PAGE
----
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Indian Dancer by Sarojini Naidu

Eyes ravished with rapture, celestially panting,
what passionate bosoms aflaming with fire
Drink deep of the hush of the hyacinth heavens
that glimmer around them in fountains of light;
O wild and entrancing the strain of keen music
that cleaveth the stars like a wail of desire,
And beautiful dancers with houri-like faces
bewitch the voluptuous watches of night.

The scents of red roses and sandalwood flutter and die
in the maze of their gem-tangled hair,
And smiles are entwining like magical serpents
the poppies of lips that are opiate-sweet;
Their glittering garments of purple are burning
like tremulous dawns in the quivering air,
And exquisite, subtle and slow are the tinkle
and tread of their rhythmical, slumber-soft feet.

Now silent, now singing and swaying and swinging,
like blossoms that bend to the breezes or showers,
Now wantonly winding, they flash, now they falter,
and, lingering, languish in radiant choir;
Their jewel-girt arms and warm, wavering,
lily-long fingers enchant through melodious hours,
Eyes ravished with rapture, celestially panting,
what passionate bosoms aflaming with fire!

Indian dancer, we do  not know what dancer is she describing it here, Bharatanatyam dancer, Kuchipudi dancer, Odissi dancer, Kathak dancer, Kathakali dancer, Mohiniyattam dancer, Sattriya dancer, Manipuri dancer or other from these? Or the folk dance full of beat and romance, hullabaloo and hilarious pandemonium? But here the poses and postures in words hint towards the classical dance in which the eyes, moods and gestures speak it. The replica of a nautch girl embossed on the temple walls carved out of stone or the terracotta plates fitted on the lime clay and small brick made olden temples of yore weaving our myths and motifs as priceless sculptures and terracotta works. The  Indian rajahs and the their durbars have always admired the replica of the nautch girls. The stance speaks it in the dance if it is classical. But the story of sur-sangam-madhuri, note-alignment-sweetness; music, dance and drama have a history and legacy of own.

In a very flowery and figurative language, metaphoric enough, she starts the poem with the brush of paints and colours. The eyes ravished with rapture, celestially panting, so full of fire and passion, so bedecking and beautiful, catching the cadences, beats, rhythms and vibes taking us by strike, so enthralling and musical casting an impact of own.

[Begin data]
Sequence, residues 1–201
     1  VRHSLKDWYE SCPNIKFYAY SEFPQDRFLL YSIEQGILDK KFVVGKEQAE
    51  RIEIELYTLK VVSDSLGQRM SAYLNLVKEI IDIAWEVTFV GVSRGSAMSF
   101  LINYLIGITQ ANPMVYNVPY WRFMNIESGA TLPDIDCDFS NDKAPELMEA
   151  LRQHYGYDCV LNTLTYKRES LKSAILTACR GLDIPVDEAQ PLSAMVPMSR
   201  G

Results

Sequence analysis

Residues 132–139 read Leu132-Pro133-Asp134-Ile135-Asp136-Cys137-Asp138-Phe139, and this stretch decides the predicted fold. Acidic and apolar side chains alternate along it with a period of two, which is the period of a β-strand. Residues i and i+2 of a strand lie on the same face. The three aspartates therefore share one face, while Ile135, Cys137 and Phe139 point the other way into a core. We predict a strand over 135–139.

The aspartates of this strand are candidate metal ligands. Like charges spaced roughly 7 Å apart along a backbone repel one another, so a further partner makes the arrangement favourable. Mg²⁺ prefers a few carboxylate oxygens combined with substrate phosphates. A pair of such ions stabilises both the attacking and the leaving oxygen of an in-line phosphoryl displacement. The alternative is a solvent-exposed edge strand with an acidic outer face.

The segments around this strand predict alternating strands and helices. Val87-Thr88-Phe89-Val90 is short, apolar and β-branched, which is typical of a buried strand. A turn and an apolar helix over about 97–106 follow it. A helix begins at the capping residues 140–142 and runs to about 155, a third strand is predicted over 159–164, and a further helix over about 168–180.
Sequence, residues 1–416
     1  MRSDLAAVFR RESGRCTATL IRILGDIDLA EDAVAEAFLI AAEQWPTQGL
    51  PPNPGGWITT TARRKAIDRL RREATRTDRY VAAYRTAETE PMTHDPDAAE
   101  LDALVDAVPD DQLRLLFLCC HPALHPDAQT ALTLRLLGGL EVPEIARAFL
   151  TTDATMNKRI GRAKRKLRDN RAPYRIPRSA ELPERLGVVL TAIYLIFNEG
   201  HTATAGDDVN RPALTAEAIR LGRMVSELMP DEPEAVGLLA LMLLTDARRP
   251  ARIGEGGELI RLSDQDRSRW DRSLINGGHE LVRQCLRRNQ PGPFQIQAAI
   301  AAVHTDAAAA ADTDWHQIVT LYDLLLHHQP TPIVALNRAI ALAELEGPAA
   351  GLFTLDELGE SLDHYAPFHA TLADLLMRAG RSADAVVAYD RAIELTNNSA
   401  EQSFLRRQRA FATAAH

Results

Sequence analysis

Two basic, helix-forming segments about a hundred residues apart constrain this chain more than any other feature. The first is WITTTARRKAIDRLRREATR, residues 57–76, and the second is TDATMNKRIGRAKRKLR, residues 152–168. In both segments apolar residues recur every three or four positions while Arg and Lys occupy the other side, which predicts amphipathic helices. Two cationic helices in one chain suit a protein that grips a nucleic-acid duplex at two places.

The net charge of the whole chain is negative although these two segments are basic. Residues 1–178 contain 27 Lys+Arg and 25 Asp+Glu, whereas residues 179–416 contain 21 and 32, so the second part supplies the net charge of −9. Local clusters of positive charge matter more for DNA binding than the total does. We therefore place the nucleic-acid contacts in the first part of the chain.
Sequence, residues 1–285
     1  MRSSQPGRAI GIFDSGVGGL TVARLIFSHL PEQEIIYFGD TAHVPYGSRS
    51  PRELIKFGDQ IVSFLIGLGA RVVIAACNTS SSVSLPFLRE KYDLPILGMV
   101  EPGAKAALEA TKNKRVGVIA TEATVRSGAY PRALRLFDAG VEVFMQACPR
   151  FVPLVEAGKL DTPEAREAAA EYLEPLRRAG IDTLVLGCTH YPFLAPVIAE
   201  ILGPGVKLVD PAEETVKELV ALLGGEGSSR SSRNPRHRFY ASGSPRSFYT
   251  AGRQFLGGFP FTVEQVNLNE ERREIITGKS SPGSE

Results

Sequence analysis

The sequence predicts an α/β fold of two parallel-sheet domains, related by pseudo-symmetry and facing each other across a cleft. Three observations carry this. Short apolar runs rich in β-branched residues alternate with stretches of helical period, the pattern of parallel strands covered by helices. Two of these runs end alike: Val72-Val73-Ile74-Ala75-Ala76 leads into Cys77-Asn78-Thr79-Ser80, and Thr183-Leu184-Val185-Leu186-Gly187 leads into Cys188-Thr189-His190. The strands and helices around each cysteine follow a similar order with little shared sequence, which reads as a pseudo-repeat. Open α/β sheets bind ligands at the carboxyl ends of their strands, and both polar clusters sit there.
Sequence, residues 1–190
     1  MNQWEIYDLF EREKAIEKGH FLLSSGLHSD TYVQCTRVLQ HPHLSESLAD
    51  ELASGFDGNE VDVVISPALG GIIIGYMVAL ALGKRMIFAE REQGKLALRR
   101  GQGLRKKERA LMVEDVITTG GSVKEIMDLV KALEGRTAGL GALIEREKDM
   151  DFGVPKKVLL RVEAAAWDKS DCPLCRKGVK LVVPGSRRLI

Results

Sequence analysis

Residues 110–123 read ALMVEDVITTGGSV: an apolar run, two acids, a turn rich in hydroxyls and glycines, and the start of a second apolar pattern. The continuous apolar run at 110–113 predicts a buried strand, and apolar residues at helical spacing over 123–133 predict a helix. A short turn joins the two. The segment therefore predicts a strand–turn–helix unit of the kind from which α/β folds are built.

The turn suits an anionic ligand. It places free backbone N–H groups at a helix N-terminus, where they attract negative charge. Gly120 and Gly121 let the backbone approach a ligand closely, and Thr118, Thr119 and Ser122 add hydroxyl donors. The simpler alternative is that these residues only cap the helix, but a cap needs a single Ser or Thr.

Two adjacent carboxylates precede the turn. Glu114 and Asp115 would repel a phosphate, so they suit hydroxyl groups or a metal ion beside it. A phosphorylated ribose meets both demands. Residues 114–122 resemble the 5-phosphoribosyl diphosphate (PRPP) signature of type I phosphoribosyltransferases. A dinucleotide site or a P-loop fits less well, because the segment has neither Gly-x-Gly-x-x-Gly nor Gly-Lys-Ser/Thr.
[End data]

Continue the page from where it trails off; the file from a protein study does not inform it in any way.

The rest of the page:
The Indian dancers in beautiful attire, make-up and dress-up, beautified and bespangled taking the stage with their poses and postures, how lovely to look at, see them performing, with their stuti, vandana, namaskaram, seeking blessings from the Almighty or making an obeisance really to revoke the images. The hair bespangled with or flowers stuck into hair take the canvas  away from. Without seeing their photos and pictures, one may not the poem.

The folk artistes sticking the wild blooms into their hair, the palash blooms or other local flowers too have not lagged behind in giving joviality and hilarity, sometimes when the dhols and mridangs with flutes and cymbals sound in the wooded hilly tracts, vibrating the sea, what it to tell about the effect, but whatever be that, the dream sequence is really great. A dance is a gesture in poses and postures, the same script produced through the pantomime or through music, song and beats. There was a time when Buddha got a lesson from the dancers about this madhyam marga, the middle path, as for to be neither so strict nor too loose in his sadhna, do not loosen the strings of the lute so that notes come it not and do not tighten them so much that break they. Even the frescoes, figures and figurines sculpted by or carved out of stone as a rock-cut image or the terracotta plates made out clay are no less than as they picture them ditto.

There is a beauty in similes and metaphors; there is an art of picturizing the dance with poetic words which many cannot do it as she has so nicely winning our acclaim and admiration, applause and appreciation.